Swales and Angels
Composer: Beth Anderson
Conductor: Gary M. Schneider
Performer: Rubio String Quartet, Jessica Marsten (soprano), et al.
New World Records
Anderson's unabashedly romantic "swales" are as pure as a Kentucky mountain
spring, frisky as a new-born colt rolling in bluegrass, and infectious
as a third-grade measles outbreak. They are light, without being
lightweight, and conquer the ear by their deceptively easygoing charm.
If you like Paul Schoenfeld's brand of Americana, you'll like these pieces
New Music With Guitar, Volume Six
Performer: David Starobin
No one has done more to champion guitar music by contemporary composers than the brilliant guitarist and co-founder of Bridge Records, David Starobin. This CD includes solo and chamber works written between 1992 and 2000 by Gunther Schuller, Michael Starobin, Richard Wernick, Melinda Wagner, David Liptak, and Paul Lansky--all in premiere recordings. Volume Six also contains George Crumb's "Mundus Canis"--with the composer performing (and whispering and yelling) on percussion. To conclude the disc, Elliott Carter's fantastically inventive sextet, "Luimen" is performed by Speculum Musicae, New York City's virtuoso new music band.
11 Studies for 11 Players: Piano Concerto
Composer: Ned Rorem
Performer(s): , Lowenthal, Mester, Louisville Orchestra
Rorem ages well and a recent spate of re-releases of his early chamber and orchestral works demonstrate that he is a good deal more than simply a master of art songs. Like most of Rorem's work, 11 Studies is distinctly more European than American and recall Berio's marvelous Sequenzas.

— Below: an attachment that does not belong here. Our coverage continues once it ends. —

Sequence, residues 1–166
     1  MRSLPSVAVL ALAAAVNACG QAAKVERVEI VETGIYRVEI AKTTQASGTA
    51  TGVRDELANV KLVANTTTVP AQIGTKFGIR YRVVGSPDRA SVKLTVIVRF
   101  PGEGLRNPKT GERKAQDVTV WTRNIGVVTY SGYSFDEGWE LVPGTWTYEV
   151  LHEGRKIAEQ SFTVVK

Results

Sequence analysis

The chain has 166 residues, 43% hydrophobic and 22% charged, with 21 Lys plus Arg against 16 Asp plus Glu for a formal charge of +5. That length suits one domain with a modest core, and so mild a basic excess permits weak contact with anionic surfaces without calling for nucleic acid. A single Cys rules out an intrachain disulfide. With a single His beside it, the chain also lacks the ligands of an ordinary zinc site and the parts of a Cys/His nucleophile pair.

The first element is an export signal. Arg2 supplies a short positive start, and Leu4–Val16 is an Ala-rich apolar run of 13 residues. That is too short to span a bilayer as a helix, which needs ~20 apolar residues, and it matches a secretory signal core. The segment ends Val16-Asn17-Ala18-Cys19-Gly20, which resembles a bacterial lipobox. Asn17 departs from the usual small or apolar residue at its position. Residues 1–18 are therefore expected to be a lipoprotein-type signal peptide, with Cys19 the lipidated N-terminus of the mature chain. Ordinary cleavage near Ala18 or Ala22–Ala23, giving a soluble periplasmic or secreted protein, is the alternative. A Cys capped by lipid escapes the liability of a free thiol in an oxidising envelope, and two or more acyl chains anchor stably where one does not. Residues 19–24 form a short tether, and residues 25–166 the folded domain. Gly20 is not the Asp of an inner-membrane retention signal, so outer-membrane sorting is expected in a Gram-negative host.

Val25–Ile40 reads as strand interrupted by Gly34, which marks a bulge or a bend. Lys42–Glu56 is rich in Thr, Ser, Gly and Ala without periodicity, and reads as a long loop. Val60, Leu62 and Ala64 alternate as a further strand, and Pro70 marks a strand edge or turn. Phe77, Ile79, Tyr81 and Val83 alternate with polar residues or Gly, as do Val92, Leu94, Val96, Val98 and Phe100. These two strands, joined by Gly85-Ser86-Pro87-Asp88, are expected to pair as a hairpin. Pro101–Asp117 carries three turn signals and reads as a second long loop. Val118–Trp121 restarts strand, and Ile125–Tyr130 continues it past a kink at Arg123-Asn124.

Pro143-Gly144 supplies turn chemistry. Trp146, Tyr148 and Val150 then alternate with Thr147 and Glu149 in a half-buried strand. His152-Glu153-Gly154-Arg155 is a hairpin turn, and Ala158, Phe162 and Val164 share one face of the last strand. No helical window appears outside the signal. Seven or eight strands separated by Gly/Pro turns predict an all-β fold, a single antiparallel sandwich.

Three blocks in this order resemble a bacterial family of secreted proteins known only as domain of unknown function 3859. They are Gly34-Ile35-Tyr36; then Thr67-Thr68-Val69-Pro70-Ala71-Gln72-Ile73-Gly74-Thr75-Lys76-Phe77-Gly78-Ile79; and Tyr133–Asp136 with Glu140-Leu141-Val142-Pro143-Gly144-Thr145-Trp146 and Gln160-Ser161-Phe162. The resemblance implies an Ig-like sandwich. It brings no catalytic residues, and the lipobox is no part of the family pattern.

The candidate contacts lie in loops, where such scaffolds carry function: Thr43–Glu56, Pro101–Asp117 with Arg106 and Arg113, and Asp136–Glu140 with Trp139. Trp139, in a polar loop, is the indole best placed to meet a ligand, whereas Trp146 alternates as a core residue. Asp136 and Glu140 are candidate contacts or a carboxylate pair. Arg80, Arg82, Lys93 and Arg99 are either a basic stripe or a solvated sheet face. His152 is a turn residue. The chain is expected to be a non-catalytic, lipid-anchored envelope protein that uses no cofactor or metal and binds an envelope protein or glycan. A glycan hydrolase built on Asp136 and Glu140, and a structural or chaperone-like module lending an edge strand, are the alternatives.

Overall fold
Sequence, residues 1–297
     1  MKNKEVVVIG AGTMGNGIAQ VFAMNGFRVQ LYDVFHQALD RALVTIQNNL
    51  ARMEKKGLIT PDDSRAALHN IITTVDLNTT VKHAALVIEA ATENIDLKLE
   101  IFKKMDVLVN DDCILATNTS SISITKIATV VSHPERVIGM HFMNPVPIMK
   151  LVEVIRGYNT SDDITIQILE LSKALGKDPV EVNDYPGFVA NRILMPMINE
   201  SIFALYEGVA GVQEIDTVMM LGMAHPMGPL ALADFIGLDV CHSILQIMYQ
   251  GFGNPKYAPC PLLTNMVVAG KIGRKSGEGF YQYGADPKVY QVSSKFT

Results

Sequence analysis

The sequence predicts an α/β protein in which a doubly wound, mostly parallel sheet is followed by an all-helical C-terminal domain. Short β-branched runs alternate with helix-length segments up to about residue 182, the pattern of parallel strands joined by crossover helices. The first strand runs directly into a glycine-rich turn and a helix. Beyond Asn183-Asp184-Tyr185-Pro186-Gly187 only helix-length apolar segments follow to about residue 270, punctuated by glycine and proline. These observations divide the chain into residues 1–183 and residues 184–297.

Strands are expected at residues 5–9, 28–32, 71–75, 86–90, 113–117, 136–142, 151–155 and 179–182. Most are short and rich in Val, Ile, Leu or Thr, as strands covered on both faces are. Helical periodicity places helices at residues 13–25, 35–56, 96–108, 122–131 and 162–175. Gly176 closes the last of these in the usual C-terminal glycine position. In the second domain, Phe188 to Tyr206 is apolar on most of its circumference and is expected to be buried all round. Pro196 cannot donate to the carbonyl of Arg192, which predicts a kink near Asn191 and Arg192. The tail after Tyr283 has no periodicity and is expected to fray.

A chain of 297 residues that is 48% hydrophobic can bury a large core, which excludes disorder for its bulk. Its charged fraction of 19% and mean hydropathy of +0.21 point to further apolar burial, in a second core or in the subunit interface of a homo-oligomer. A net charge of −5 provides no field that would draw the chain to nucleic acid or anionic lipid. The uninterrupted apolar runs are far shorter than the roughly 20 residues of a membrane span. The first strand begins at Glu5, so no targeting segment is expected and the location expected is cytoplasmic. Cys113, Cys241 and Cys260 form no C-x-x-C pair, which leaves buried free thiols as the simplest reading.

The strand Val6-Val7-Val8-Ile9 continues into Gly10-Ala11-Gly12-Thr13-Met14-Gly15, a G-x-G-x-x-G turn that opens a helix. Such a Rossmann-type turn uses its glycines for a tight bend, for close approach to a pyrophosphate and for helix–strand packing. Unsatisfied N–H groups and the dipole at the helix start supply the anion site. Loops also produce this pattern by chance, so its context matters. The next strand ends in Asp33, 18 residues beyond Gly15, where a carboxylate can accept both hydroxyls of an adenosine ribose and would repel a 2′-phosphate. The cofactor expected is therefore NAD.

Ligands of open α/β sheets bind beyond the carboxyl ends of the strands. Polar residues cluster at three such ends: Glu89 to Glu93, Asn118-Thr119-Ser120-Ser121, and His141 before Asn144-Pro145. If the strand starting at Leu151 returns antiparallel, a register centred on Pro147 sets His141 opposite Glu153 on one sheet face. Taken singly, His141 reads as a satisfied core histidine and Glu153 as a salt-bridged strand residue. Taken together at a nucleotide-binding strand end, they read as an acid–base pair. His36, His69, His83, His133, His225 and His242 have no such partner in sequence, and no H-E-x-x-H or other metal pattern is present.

Piano Concerto. Concerto for two pianos. Piano Sonata
Composer: Arthur Bliss
Performers: . Peter Donohoe, Martin Roscoe (pianos), Royal Scottish National Orchestra, David Lloyd-Jones (conductor). Naxos
The piano concerto is rip-snorting, full-blooded, heavy breathing romantism of the Rachmaninov variety played with over-the-top virtuosity by the nimble Peter Donohoe. Listening to it makes you want to invade Russia.
Symphony No.1, 'Jeremiah'. Jubilee Games
Composer: Leonard Bernstein
Performers: Helen Medlyn (mezzo), Nathan Gunn (baritone), New Zealand Symphony Orchestra, James Judd (conductor). Naxos
Young Bernstein, filled with piss and vinegar and more musical ideas per page than any eight of his contemporaries. A joy to listen to a genius in the process of finding his compositional voice.
Organ and Silence
Composer: Tom Johnson
Performer: Wesley Roberts, organ
A collection of 28 organ pieces to be played separately or as a long recital A music concerned for, as the author writes in the disc notes, "… the importance of silence in music…". This work is conceived not "for organ" but, really, for "organ and silence", as the silence is a fundamental part of it, and it’s not possible to give it up. It’s an attempt, as the author explain " to permit as much silence as possible, without allowing the music to actually stop". Tom Johnson is one of the masters of minimalism, but he combines this with rigorous logic. His work, free from false glitters, defines, better that any other one, the sense of a research the goes beyond the strict genre definitions, and become poetic application of original ideas.